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February 14
New Estimates Show Shifting US Population

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Population changes can create opportunities or challenges for governments, including county governments.  The U.S. Census Bureau recently released the 2013 population estimates for states and regions, which are a good preview of the more detailed data at the county level forthcoming in March.  The 2013 state population data shows continued national population growth, but with important regional differences.

Population growth varied significantly across regions and states.  Overall, the U.S. population expanded by 0.7 percent between 2012 and 2013.  This overall growth rate was slightly slower than the previous year, and continued a trend of declining growth rates.  At the regional level, the South and West added residents at higher rates than the national average, similar with previous years.  Population in the Northeastern and Midwestern regions also expanded, but at much slower rates of growth than the other regions.

Some states stood out for their rapid population growth in 2013.  With an economic boom fueled by the expansion in the oil industry, North Dakota was the state with the fastest population growth in 2013, at over 3 percent.  Since 2011, North Dakota has topped the charts terms of population expansion rates.  Population growth accelerated in Idaho in 2013, moving the state among the top 15 with the fastest growth rates.  Ohio is also adding more people than in the previous years; there were almost 18,000 more Ohioans in 2013 than in 2012, more than five times the growth the previous year.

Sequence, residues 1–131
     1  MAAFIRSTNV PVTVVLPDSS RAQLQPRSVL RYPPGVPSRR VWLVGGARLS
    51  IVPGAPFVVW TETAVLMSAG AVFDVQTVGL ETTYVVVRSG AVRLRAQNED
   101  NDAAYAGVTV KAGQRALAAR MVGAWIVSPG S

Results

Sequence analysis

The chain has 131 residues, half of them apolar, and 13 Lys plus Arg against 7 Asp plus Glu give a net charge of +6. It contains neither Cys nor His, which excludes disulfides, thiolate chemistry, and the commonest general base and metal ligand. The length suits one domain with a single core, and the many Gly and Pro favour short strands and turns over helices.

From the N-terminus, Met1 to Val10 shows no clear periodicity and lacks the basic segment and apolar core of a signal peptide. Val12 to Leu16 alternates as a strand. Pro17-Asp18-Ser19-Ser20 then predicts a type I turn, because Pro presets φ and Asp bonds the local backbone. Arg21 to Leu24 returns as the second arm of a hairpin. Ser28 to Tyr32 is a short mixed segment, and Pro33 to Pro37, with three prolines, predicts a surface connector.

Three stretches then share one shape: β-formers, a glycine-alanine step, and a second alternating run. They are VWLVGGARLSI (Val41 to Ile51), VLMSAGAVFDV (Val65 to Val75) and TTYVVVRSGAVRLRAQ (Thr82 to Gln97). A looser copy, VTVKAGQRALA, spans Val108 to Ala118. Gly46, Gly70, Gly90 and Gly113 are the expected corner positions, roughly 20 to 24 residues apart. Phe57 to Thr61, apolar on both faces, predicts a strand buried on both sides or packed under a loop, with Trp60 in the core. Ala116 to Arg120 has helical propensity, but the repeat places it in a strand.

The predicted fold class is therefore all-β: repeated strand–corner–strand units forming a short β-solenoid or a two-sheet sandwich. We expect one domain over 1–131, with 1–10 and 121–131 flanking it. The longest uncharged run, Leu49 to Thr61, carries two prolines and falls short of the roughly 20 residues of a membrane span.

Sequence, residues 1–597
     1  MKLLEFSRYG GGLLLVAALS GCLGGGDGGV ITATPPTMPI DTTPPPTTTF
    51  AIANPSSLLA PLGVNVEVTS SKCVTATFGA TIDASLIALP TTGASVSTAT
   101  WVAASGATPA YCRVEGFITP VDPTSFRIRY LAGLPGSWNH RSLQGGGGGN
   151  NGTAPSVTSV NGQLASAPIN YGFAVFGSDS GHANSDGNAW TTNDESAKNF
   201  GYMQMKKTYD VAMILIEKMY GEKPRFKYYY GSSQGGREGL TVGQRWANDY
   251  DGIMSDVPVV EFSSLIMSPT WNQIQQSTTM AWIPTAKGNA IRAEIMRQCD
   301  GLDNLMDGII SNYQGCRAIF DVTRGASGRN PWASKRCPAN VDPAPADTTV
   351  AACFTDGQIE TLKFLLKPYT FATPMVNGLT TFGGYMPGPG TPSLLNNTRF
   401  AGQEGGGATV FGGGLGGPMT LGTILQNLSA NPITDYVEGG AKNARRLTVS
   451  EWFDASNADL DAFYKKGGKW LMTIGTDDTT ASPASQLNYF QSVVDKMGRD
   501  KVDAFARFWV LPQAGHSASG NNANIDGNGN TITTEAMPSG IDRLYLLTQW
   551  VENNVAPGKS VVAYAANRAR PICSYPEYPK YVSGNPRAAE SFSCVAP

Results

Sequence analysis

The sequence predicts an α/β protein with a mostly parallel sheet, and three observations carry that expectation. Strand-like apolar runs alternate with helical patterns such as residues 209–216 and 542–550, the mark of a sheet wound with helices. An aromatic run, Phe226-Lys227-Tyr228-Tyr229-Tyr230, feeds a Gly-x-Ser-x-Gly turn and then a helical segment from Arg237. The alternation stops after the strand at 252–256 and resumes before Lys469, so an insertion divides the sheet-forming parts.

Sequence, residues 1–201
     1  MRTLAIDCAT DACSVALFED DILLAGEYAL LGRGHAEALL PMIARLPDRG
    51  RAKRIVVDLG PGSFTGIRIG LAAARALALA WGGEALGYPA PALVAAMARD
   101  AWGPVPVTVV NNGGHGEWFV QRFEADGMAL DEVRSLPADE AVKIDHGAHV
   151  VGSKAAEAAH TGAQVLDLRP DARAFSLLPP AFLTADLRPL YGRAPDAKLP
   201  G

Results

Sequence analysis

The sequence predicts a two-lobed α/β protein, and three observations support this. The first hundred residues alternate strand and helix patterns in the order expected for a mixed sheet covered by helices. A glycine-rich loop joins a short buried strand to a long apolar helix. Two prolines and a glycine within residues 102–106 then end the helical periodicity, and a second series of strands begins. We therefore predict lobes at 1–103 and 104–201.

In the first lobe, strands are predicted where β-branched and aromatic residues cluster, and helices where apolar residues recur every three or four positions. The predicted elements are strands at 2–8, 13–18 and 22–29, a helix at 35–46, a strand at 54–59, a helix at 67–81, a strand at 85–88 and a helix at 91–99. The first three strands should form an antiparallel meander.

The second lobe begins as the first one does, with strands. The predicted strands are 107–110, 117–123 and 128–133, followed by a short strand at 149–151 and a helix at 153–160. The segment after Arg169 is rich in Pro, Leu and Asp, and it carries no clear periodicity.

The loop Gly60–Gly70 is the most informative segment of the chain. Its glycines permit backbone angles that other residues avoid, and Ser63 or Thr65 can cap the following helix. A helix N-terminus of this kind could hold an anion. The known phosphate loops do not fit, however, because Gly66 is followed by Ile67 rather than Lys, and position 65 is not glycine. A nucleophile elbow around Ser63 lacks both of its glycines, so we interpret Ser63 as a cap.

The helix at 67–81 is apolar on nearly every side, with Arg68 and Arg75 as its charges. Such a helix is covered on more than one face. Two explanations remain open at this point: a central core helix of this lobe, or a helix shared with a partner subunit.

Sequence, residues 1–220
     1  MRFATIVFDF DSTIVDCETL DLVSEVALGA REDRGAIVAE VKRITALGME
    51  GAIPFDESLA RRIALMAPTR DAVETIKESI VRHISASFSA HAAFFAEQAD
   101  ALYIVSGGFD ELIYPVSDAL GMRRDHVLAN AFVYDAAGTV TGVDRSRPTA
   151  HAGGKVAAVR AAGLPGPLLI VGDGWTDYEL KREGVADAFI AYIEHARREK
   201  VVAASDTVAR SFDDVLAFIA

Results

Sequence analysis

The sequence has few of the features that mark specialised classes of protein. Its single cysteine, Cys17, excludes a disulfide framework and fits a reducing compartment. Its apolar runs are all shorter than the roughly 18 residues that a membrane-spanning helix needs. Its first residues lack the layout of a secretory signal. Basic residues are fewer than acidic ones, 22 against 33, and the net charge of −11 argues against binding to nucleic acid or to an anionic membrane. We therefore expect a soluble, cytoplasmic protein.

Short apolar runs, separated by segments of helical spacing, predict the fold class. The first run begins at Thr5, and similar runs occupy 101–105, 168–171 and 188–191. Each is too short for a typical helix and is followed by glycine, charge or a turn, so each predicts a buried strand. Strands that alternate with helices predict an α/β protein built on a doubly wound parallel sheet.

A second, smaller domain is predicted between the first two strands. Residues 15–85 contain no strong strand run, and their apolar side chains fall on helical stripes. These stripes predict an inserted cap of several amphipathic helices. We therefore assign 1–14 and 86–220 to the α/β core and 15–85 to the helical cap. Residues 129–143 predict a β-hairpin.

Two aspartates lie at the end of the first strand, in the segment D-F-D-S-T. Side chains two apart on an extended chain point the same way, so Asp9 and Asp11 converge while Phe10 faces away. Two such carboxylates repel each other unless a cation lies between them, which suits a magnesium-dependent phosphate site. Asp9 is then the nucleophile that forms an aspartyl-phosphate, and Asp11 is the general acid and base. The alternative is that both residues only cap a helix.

Other states have experienced slow population growth over the past year.  Based on Census population estimates, West Virginia lost population in 2013 after several years of modest, but positive growth.  In Maine, population remained virtually at the same levels as in 2012.  Population growth in N.M. was less than 0.1 percent, in contrast to above 1 percent annual growth experienced before 2009.

Overall, the just released 2013 population estimates show population growth continued in United States, but with a number of variations across states and regions.  In March of this year, the 2013 county population estimates will provide an opportunity to examine whether the same trends apply at the local level.  The NACo research team will deliver a more in-depth analysis of the county population data in March.​

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